Craft Activity & Lesson

Age Group: 12 & Under  

As kids, we’re oftentimes told “no” “wait” and “later” and, for some, it might be one of the most frustrating things about being a kid. You’re not allowed to do what you want to do, when you want to do it. Yet as parents, we know we must set these limits and expectations in order that our children can, someday, set these limits for themselves.

This is an activity we might use to help kids think about these small frustrations differently. Rather than looking at each frustration individually, we might redirect kids to think about them as taking small steps towards self-mastery. We usually associate strength with invincibility, superhuman capacities but in reality, we want to associate strength with strength of character and virtue because it is in this much more difficult but worthwhile endeavor that we’re able to manifest our fullest potential as sons and daughters of God.

Materials: paper, coloring materials and stickers

Directions

  • We start first with a simple discussion about seeds. How do seeds grow? What do they need? (Sunlight, air, water, nutrients)
  • Today we’re planting some seeds. Seeds start out very small and by looking at a seed, we don’t necessarily know what kind of plant it is going to be. Our seeds will become trees – but what kind of tree will it be? You can decide – it can be a pine tree or an orange or apple tree or even a tree that doesn’t exist – a tree that grows cars or the like. Decide what kind of tree you want to plant! Draw the outline of this tree on a piece of paper and don’t forget to outline some of the “fruits” of the tree so you can remember what kind of tree it will be.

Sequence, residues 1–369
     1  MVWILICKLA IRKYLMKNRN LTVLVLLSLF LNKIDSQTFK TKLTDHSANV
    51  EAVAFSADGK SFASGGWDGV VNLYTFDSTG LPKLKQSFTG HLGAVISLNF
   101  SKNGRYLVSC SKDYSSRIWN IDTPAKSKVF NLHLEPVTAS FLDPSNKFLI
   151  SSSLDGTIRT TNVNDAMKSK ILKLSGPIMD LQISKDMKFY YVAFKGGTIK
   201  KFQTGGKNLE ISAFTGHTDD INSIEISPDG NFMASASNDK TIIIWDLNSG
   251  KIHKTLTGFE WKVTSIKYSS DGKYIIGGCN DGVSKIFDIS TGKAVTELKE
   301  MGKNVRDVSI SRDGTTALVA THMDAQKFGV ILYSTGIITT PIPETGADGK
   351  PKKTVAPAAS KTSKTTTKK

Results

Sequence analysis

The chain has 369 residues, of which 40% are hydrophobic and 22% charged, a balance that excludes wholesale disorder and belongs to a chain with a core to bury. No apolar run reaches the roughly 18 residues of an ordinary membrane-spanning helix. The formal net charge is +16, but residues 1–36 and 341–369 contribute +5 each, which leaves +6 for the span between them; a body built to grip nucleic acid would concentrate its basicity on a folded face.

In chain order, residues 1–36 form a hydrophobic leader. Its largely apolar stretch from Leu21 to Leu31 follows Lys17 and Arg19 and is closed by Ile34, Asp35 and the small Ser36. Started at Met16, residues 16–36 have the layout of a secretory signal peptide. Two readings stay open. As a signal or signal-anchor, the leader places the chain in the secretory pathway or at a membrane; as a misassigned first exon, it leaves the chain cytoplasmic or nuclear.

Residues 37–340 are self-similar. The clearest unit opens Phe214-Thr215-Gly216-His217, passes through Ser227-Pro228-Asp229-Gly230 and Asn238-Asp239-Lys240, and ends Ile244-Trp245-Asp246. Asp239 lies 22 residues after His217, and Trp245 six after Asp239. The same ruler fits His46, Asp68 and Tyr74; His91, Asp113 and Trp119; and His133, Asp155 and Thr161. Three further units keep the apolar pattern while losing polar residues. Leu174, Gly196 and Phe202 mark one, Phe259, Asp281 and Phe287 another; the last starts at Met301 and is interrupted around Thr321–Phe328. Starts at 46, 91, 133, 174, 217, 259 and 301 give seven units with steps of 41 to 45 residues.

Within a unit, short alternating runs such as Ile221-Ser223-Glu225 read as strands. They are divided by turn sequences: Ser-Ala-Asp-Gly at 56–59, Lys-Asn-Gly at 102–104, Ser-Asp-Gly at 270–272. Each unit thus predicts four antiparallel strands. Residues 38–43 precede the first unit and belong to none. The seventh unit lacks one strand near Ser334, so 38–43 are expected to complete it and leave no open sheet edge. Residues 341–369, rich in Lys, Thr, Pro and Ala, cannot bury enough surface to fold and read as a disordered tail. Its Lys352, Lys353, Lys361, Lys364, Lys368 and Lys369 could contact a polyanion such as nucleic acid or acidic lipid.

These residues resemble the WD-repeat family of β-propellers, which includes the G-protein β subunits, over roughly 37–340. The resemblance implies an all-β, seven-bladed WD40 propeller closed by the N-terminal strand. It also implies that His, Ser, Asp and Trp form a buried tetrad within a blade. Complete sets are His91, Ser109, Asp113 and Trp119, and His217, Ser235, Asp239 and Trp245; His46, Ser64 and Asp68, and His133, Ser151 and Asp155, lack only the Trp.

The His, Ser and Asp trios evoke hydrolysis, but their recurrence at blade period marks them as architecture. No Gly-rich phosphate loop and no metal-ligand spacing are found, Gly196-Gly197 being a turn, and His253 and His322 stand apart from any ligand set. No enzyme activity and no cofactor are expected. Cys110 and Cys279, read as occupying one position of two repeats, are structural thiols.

• Talk about how sometimes we get frustrated about things – we aren’t allowed to do things, we have to wait for things. But when we’re able to overcome these feelings and still be grateful for all the things we do have, we grow our own seeds of character. We’ll use this chart to track our progress. Every time we have a little victory – we can take a sticker to fill up the outlines our trees.
  • Display the picture somewhere to serve as a reminder. You might want to ask your child/children if they had a little victory that day and if they want to share it with the rest of the family. Celebrate the little victories with a sticker to add to the picture. Even if he or she wasn’t able to get a victory that day, gently nudge and encourage them towards the good.
  • Once the tree is filled, consider making a special time during family time for the person to receive recognition for his or her accomplishment. It is also a great way to encourage him or her to reflect on their progress and make new determinations going forward.

As a parent, you might consider making your own tree and sharing your own ups and downs. Most times we focus on teaching our children but the best way to teach them is to become the kind of people we hope they might also strive to be. Sharing – appropriately – our own challenges helps them see growth as a meaningful, lifelong process.

Also, we want to think of this entire activity as a fun, visual way to hone a positive habit in our everyday lives. Like training wheels, we want to use this concept of “seeds of strength” as a way to cultivate the habits of self-mastery in ourselves and in our families.